What is a Herbalist?
A Naturopathic Herbalist is a natural health practitioner who is trained to prescribe plants as medicines, along with recommending food and lifestyle adjustments to support good health and prevent disease.
The earliest documented use of herbal medicine was by the Ancient Sumerians in 5000 BC. Since that time Herbal medicine evolved to meet the health needs of each generation across all human cultures. Today, herbal medicine is recommended by the World Health Organisation as a valuable preventative system of medicine that should be integrated into everyday life. Herbal medicine is used to help the body engender health and mitigate disease, and has shown itself to be a powerful health ally.
What does a Herbalist do?
A herbalist will combine herbs to create a formula that will have a health increasing and disease-reducing action on a person.
Herbs are known to have antiviral, immune, antimicrobial, respiratory, digestion-enhancing and nourishing effects on the body. Herbs can also have a specific effect on individual organs of the body such as the liver, the lungs or bladder.
A herbalist is trained to know the phytochemical content of different herbs and how to combine them in order to assist a person from ill health to good health.
A herbal formula may be prepared for the patient in a variety of ways including liquid form (usually as an alcohol tincture and, where required, as a glycerine or vinegar tincture), powder (either loose or in capsules), dried as a herbal tea or infusion, or in creams and ointments for topical use.
Herbalists are qualified to dispense medicinal herbs. This means that the herbal medicines and formulas they provide will be stronger and more potent than herbal teas, powders and tinctures you can purchase in the shops. This is why a herbalist will ask for a full consultation with you before dispensing herbal medicines.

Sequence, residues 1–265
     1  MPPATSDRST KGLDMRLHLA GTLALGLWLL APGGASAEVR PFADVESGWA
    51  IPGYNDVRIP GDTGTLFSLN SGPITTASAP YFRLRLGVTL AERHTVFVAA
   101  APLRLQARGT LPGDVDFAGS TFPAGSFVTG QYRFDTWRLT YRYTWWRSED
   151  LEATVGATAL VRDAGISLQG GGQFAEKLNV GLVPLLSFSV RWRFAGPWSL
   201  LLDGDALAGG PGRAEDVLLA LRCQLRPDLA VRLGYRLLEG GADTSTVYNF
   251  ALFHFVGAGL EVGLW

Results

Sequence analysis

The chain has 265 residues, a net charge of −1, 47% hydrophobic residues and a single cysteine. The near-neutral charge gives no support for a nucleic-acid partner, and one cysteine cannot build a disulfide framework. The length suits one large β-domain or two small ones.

What happens in a consultation with a Herbalist?
Your initial appointment with a herbalist will normally last between 60 to 90 minutes. During this time the herbalist will take a thorough case history including family history, medical history, diet, lifestyle and the health concerns that have brought you to seek herbalist advice. It is common that a herbalist will look at your tongue, nails and skin and sometimes your iris, as well.
Once your consultation is done, the herbalist will create a treatment plan for you, which will include lifestyle and dietary recommendations, and will also blend a herbal formula that will be tailored to your personal health requirements.
A follow up appointment with a herbalist tends to be shorter that the first appointment, lasting between 35 and 45 minutes depending on the complexity of your health goals.
Herbalists registered with the ANP follow a Code of Ethics which includes client confidentiality
How long will I need to see a Herbalist for?
The length of time you spend with a herbalist is a joint decision between you and them and very much dependent on the severity of your symptoms and the treatment plant you agree with your practitioner. Some herbalists will give you the option to see them as and when you need to, whereas others will require a minimum time commitment to be able to work with you, in order to achieve your health aims.
How much does Herbal Medicine cost?
The cost of your Herbalist will depend on a wide range of factors including their specialism, experience, location, level of service and personal preference.
As part of seeing a Herbalist, you may need to pay for the herbal preparations prescribed in addition to the consultation fees. Some practitioners feature their costs on their website. Details of consultation fees and herbal medicine prescription costs should be made clear to you at the time of booking.
Qualifications required to be a Herbalist
To become a competent Herbalist you will need to be educated to Diploma Level 6, or BSc Honours level. This training takes approximately 4-5 years depending on whether you study full time or part time.
Herbal Medicine Professional development
In order to maintain professional status, level of competence and code of conduct as a Herbalist, membership associations such as ANP will require a minimum amount of further training and continued professional development (CPD)
A good Herbal Medicine association, such as ANP, will provide ongoing training and other activities aimed at supporting their members stay abreast of the latest developments in the field of Herbal Medicine.
What can Herbal Medicine help with?
Herbalists are usually consulted for a range of common complaints including:
- Weight issues
How can I find a Herbalist in my area?
Professional, qualified herbalists can be found via the ANP Practitioner Directory.